Baltimore's Super Sunday Spotlight

January 29, 1993

What city will be mentioned most on NBC-TV between now and Sunday night? Buffalo? Nah. Dallas? Nope. It'll be Baltimore.

In the hours preceding and throughout the Super Bowl, NBC will carpet-bomb its audience with promotions for the series that debuts after the game, "Homicide: Life on the Street." The cop-drama was filmed in Baltimore, directed by native son Barry Levinson and based on a book by Sun reporter David Simon. In the MTV-esque trailer for the show that's run so far, the viewer can't miss the fact it's set in Baltimore: a cop shouts "Baltimore police," there's a close-up of "BALTIMORE" on a badge, then a quick cut to a police cruiser.

Oh, great, just what the city needs right now, you're thinking.

Wrong. This dramatic series, which pumped a few million dollars into the economy during filming of episodes this fall, will continue to do good for the city. Baltimore won't be disparaged in this fictional TV series; the wise-cracking, working-stiff city detectives will come off as largely sympathetic, and what Hollywood producer would you rather trust with the city's reputation than the "Diner" guy?

The nation won't be nearly so sensitive to the relationship between fact and fiction as will Baltimore. One episode was based on a chapter in Mr. Simon's book about the wrenching 1988 murder of Latonya Wallace, an 11-year-old girl whose body was found in an alley near her book bag and rain slicker. Mr. Simon co-wrote an episode for the series himself, borrowing elements from the Dontay Carter case. But the names are changed and local viewers might not recognize the real-life connections. Chances are the only Baltimore-bashing from "Homicide" has already been accomplished: Federal employees who didn't want their office to move downtown from suburban Woodlawn proffered the book as proof that the city was unsafe.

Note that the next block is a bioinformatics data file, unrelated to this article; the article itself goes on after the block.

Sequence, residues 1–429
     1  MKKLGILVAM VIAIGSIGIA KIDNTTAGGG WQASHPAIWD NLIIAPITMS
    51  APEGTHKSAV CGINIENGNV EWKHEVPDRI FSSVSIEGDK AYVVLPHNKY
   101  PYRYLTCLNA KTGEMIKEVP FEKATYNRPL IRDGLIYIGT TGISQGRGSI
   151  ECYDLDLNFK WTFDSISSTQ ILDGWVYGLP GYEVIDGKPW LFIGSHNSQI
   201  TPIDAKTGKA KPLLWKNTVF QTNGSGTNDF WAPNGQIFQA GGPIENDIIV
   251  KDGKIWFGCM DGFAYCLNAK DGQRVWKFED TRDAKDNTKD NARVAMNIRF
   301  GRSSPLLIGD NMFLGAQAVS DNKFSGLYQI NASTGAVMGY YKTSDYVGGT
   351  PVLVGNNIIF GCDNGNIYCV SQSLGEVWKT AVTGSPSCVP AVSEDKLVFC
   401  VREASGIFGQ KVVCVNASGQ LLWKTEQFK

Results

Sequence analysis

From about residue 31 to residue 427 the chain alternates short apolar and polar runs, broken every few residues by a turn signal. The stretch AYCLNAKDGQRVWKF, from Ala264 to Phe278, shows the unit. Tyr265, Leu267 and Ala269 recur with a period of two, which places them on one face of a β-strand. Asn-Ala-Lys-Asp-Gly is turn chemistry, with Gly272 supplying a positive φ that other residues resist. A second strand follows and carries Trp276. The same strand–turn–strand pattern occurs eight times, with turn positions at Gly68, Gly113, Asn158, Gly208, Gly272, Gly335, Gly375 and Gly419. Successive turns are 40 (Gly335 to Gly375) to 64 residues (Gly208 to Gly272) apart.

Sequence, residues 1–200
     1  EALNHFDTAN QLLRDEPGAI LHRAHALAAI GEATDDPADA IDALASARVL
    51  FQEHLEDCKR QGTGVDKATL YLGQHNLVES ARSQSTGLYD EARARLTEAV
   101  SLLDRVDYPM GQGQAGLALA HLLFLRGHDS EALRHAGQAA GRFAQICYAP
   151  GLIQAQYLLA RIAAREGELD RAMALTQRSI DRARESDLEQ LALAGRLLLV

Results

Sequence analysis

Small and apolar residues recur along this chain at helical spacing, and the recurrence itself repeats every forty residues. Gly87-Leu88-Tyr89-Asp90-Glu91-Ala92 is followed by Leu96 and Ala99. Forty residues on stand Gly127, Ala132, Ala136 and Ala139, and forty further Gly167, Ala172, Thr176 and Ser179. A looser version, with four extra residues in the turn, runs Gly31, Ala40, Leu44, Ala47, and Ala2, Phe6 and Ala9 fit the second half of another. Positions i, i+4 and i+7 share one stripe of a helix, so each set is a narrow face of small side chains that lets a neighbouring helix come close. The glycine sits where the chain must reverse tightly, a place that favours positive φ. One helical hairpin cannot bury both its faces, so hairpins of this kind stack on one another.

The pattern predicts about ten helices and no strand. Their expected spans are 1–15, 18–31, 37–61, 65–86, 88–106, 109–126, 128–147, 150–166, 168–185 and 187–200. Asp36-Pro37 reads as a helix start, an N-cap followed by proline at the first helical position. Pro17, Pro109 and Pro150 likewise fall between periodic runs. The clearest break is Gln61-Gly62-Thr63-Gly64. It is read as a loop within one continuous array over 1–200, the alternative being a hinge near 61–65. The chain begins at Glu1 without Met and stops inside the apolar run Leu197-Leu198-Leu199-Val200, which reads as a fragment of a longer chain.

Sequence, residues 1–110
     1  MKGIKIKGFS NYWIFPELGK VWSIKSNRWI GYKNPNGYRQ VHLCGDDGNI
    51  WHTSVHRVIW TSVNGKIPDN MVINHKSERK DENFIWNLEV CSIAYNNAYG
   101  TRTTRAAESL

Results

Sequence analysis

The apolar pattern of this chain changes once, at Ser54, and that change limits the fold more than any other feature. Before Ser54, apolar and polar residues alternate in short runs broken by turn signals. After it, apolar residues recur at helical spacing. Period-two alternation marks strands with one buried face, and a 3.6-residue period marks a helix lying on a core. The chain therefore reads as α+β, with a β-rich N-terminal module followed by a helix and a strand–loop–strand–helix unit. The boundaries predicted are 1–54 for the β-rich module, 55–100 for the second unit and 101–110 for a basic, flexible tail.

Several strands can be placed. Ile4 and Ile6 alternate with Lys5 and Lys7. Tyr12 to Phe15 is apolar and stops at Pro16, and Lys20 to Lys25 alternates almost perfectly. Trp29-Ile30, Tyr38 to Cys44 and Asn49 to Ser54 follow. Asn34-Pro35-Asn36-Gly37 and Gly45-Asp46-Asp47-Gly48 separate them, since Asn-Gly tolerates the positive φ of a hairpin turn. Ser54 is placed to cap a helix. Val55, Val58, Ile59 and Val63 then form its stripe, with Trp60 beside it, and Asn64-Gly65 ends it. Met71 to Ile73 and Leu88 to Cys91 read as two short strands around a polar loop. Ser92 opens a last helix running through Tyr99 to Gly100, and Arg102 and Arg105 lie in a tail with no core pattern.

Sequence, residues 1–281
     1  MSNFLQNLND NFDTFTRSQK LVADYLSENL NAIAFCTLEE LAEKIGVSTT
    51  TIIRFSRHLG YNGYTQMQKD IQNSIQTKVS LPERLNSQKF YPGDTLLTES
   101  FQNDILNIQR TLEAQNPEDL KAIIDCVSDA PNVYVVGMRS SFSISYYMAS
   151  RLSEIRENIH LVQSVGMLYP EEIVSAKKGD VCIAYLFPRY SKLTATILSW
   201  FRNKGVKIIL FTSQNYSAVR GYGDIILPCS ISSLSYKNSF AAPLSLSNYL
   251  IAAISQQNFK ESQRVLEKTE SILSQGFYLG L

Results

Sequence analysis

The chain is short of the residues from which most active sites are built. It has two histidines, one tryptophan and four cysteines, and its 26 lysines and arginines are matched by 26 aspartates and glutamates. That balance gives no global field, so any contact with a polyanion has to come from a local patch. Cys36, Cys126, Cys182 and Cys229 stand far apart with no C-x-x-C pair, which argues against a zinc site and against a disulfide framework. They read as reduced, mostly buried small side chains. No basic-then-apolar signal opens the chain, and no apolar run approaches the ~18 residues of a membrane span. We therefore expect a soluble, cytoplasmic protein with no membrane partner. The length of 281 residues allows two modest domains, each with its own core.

National audiences realize that cities have crime problems. The main difference is that series of this genre are usually set in New York, L.A. or Chicago. "Hill Street Blues" was supposed to represent Pittsburgh's Hill District, but who knew? So don't forget to cheer for Baltimore Sunday. It could be a while before we return to the Super Bowl.

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